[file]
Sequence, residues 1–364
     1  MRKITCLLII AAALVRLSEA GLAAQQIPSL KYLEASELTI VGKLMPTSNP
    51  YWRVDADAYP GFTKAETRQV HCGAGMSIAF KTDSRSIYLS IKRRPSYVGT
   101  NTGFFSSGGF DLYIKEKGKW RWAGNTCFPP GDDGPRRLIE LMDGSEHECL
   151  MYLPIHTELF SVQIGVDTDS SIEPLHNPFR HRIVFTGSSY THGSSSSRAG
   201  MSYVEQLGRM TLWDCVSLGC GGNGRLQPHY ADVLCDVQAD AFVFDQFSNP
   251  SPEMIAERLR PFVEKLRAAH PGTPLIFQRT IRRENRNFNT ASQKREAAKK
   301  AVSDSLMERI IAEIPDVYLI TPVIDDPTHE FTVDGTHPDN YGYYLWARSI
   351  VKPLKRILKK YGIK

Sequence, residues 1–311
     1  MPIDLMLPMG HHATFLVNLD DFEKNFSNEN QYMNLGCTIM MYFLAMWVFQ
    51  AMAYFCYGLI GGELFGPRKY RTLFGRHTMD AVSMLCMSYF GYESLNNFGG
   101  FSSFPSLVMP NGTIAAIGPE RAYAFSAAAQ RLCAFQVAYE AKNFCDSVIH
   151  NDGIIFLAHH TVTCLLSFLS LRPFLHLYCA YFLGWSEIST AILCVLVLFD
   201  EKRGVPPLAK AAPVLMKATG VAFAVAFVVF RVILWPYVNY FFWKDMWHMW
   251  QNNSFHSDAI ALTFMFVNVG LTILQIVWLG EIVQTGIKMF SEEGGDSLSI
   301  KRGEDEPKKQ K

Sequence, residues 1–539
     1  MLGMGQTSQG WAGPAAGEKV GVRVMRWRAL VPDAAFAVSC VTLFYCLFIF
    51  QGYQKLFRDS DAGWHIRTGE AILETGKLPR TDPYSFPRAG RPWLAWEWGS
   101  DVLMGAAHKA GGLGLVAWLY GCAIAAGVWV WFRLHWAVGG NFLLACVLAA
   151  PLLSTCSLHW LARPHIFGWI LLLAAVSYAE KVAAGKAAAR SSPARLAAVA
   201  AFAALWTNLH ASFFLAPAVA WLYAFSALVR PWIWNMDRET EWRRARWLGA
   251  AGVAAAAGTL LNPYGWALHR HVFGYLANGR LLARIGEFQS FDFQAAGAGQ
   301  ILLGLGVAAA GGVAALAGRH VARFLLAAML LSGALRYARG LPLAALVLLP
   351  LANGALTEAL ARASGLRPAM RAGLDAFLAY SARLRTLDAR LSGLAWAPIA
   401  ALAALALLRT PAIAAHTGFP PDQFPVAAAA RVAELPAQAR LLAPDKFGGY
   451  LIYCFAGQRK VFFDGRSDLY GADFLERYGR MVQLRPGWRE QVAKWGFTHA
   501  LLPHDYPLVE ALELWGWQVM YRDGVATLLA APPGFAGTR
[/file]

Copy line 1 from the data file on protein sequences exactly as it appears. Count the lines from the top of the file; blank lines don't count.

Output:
Sequence, residues 1–364